Steaming is a natural fit for fresher, lighter springtime fare because this simple technique leaves the ingredients' bright essential flavors and textures intact.
A staple preparation for a number of international cuisines, stovetop steaming offers a healthful way to cook. Many Asian dishes, in particular, use the cooking method-for example, steamed dumplings or pork-filled buns, or fish steamed atop aromatic vegetables. But other foods also benefit from steaming, dishes such as everyday steamed broccoli or green beans. This technique is easy to master, and even if you don't have a designated steamer, you can improvise with equipment you probably already have in your kitchen.
What steaming does
Steaming cooks food more gently than almost any other method. Because the liquid never touches the food, it's less likely to jostle, overcook, or absorb too much water. This means food retains its shape, color, and texture. Steaming is a great light cooking technique because it involves no fat. And unlike boiling, which leaches water-soluble nutrients from food, steaming keeps most of the nutrients-as well as the flavor and color-intact.
Best foods to steam
Steaming is ideal for foods that need moisture, and foods that should be soft and silken rather than crunchy or caramelized. For example, steamed Asian dumplings develop an irresistible soft-chewy texture, rather than a firm or crunchy one. Almost all vegetables are good candidates (with a few exceptions, such as spongy vegetables like mushrooms and eggplant or tough ones, such as hearty greens).
When selecting a protein, choose light, delicate ingredients, such as chicken breast and most fish and shellfish. But avoid bold-flavored seafood like bluefish or firm-fleshed fish like tuna. Also, stay away from beef or pork, which fare best by browning.
Steaming requires little more than a pan with a well-fitting lid and a rack to support the food over the liquid in the pan. Creating a good seal with the lid is crucial for holding in steam. If the lid doesn't fit tightly, cover the pan with foil, and then top with the lid. Many cookware sets come with steamer inserts, as do woks. If you don't have these, there are other options.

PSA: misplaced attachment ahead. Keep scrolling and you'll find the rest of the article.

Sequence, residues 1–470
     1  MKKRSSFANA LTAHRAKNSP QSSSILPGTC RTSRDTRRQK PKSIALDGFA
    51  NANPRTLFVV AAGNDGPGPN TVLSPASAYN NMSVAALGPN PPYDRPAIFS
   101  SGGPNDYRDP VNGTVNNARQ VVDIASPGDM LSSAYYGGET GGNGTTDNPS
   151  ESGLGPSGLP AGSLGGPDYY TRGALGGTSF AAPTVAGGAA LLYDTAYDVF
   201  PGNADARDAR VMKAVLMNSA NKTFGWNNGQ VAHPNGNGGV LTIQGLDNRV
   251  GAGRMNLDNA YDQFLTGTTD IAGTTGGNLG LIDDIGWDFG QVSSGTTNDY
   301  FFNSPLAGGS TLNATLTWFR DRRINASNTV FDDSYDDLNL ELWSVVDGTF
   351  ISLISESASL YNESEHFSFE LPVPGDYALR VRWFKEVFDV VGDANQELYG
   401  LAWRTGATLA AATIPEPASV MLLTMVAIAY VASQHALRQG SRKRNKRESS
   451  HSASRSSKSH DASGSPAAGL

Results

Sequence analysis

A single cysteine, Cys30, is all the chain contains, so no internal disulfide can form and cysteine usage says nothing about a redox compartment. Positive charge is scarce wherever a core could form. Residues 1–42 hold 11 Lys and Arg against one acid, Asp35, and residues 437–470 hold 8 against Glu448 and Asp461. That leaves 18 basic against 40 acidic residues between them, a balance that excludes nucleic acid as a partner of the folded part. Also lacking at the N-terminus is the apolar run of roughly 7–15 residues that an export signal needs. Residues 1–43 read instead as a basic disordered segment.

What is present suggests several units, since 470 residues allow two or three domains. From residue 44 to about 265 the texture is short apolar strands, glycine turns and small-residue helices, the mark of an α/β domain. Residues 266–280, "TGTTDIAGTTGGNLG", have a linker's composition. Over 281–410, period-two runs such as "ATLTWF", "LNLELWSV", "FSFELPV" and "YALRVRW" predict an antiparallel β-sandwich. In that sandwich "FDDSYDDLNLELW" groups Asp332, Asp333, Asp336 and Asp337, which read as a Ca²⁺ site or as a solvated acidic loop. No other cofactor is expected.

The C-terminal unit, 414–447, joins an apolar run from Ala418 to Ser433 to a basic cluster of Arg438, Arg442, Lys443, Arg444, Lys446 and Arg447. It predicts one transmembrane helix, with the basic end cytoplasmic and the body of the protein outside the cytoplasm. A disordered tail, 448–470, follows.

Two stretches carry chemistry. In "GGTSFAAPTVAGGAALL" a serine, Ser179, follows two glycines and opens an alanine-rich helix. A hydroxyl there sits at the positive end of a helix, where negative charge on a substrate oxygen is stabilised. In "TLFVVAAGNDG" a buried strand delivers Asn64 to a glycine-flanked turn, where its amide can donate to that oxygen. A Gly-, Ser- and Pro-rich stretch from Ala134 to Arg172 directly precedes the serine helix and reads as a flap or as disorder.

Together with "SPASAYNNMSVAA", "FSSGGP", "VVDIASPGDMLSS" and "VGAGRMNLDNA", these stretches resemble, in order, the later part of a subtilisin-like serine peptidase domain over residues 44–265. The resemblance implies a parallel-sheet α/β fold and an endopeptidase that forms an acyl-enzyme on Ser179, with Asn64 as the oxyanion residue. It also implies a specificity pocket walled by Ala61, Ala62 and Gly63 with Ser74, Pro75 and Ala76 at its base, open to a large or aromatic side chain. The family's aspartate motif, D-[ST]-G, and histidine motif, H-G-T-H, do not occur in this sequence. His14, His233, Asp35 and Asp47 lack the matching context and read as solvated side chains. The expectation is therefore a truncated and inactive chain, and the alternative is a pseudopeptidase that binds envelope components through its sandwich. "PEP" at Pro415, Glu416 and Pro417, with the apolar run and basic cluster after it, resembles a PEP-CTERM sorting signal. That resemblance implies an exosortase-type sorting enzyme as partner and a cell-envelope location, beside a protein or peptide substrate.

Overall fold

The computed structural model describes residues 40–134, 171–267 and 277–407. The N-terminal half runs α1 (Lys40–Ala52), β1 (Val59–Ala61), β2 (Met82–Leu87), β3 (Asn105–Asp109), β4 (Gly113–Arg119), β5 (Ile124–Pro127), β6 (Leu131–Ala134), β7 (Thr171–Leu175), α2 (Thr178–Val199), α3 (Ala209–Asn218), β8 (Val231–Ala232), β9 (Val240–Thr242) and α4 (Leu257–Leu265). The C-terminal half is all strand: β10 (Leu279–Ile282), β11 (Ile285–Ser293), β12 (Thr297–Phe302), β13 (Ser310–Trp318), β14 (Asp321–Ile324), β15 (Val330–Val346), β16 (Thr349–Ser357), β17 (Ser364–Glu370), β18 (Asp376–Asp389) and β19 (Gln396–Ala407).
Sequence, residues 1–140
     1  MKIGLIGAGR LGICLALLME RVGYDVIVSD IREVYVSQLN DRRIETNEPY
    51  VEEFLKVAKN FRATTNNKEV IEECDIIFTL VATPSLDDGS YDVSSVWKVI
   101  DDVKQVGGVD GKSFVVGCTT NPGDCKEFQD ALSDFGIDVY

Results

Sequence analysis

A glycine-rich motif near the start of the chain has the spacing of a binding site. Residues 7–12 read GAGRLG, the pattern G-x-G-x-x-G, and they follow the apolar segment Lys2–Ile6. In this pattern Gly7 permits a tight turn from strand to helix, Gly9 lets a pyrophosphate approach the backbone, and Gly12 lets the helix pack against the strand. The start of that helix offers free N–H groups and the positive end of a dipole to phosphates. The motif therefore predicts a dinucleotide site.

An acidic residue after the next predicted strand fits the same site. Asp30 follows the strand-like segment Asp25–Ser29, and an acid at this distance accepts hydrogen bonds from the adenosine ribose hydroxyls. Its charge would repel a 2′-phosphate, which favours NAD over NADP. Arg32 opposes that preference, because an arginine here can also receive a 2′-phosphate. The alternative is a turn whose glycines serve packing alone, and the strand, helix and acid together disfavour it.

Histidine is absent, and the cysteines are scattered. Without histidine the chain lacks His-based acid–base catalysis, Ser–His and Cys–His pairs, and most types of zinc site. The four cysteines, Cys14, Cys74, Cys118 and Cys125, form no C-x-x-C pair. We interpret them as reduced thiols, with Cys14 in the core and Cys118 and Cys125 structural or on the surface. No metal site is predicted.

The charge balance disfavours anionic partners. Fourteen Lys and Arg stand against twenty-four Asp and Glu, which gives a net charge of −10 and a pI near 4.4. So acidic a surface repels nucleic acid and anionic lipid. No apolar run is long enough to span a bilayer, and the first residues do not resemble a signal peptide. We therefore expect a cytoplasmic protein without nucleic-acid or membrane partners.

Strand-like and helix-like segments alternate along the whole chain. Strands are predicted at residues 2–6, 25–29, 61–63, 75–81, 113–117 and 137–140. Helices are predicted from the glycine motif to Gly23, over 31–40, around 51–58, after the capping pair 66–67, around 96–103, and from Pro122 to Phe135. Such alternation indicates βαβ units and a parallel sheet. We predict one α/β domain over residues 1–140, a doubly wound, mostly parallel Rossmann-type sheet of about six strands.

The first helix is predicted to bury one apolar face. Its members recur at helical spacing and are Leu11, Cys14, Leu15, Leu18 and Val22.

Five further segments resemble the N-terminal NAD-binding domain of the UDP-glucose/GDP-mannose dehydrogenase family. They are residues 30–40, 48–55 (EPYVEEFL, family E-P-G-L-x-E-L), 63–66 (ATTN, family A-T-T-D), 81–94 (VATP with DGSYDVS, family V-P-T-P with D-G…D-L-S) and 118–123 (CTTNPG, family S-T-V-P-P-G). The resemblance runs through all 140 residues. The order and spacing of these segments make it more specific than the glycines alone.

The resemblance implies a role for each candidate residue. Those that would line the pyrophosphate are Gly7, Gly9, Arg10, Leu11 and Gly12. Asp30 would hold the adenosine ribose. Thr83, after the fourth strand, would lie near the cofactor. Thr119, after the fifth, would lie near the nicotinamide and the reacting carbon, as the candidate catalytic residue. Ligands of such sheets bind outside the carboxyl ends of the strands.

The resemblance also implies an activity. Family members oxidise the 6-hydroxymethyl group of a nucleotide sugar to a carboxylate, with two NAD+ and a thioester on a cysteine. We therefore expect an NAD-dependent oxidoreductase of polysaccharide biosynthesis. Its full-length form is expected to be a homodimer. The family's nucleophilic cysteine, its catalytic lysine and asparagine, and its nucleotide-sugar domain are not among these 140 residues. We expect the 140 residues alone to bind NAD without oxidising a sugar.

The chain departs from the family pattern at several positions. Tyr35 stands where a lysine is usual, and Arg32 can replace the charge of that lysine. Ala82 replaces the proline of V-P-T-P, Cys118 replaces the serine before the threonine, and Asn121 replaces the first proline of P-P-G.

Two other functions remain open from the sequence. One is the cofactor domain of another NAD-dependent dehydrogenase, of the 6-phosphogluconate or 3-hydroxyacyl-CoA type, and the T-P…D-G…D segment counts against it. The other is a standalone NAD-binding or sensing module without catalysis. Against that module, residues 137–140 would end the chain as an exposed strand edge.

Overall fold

A collapsible metal vegetable steamer works well for vegetables or certain shellfish-foods that you don't mind touching or being stacked on top of each other as they cook. If you don't have a vegetable steamer, you can improvise by placing a footed metal colander in the pan (make sure the lid will close), or set a round cooling rack on top of two ramekins in the bottom of the pan.
For foods that need to lie flat or shouldn't touch (such as salmon fillets or dumplings), try a bamboo steamer. Available at most Asian markets, these steamers come with two or three tiers that can be stacked, allowing you to cook a lot of food at one time. They also come with a lid that rests atop the uppermost tier. Set this type of steamer in a wok or large skillet with an inch of water.
Consider translucent, thin liquids, such as water, broth, juice, wine, beer, or other spirits. These will bubble and steam to create a hot, moist environment. Forgo cloudy liquids such as dairy milk or coconut milk, which will curdle, or thick liquids like tomato sauce, which might burn.
Add just enough liquid to produce a high volume of steam without intruding through the holes or slats in the steamer or rack. Do not allow the water to touch the food or you'll end up boiling and, most likely, overcooking it.
No matter how firmly you cover the pan, the liquid will eventually boil away. For foods that cook longer than 15 or 20 minutes, check the liquid level occasionally. Have extra liquid boiling on the stovetop in a separate pan or teakettle; carefully add it to the pot or wok, not directly over the food.
Seasonings in the liquid can indeed permeate the food. As it cooks, the food's various cellular layers open up in the heat and trap flavors in the steam, thereby gently enhancing the overall taste. Hard spices and aromatic roots such as cinnamon sticks, lemongrass stalks, star anise pods, and ginger are good options. They impart a subtle perfume, not an intense flavor.
Because steamed foods lack the rich taste of those roasted, sautéed, or seared, many benefit from a sauce: cheese sauce for broccoli, or herbed butter for shellfish, for example. A simple vinaigrette drizzled over steamed food is also a nice finish. Sometimes, the steaming liquid itself can become the sauce, especially if aromatics and spices have been added, and if the sauce is reduced to a thicker consistency, which concentrates its flavor.
Let the food guide the sauce. Spirits other than wine often become too intense when reduced, thus overpowering the fresh-steamed flavors. Steamed buns, fish, and vegetables are delicate, a bonanza of natural flavors. A too-strong sauce will mask the subtlety of these foods.
Three tips will ensure success:
1. Open the lid away from you so that the steam is released to the back of the stove away from your face.
2. Use silicone baking mitts to pick up a steaming rack. Because the rack will be damp, scalding water can soak through cloth oven mitts and cause a burn.
3. Use tongs or spatulas to remove food from the steamer. Steamed food -often retains heat longer because the hot steam has permeated the food.